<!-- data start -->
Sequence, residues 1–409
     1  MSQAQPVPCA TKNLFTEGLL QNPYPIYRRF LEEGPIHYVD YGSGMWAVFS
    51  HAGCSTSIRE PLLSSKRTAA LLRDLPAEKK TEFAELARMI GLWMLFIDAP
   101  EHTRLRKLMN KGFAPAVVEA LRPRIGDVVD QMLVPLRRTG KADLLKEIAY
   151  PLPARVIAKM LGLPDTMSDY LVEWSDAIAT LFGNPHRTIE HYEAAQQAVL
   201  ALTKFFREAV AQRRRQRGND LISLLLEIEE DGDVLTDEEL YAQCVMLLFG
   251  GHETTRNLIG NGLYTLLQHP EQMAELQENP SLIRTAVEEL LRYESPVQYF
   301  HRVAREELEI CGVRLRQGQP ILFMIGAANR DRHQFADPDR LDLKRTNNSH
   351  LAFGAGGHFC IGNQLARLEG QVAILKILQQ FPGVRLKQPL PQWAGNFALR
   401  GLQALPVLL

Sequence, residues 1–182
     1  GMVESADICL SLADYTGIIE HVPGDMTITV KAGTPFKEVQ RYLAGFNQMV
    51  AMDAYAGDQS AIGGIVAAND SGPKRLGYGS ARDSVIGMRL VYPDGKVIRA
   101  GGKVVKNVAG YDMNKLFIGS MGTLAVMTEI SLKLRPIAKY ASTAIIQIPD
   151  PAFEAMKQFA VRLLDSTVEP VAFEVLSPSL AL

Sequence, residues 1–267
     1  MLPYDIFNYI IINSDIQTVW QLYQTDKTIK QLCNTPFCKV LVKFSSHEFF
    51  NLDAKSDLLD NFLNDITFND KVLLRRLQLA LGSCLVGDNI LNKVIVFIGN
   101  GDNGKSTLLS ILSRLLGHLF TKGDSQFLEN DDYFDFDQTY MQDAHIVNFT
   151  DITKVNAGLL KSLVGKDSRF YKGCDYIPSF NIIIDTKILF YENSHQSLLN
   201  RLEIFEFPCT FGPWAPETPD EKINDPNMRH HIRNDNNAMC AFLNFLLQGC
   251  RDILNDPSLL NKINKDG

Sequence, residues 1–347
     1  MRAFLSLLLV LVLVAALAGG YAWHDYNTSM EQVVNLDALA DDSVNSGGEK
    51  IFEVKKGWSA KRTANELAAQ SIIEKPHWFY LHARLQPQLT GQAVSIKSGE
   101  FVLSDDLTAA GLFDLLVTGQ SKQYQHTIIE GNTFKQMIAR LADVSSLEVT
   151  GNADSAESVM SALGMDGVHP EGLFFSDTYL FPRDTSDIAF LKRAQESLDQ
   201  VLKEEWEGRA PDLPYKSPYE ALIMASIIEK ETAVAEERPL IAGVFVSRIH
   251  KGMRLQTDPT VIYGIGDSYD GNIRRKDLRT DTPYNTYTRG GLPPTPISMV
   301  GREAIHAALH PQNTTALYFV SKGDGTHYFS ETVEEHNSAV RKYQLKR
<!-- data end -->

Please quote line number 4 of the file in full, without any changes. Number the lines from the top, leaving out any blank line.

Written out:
   101  EHTRLRKLMN KGFAPAVVEA LRPRIGDVVD QMLVPLRRTG KADLLKEIAY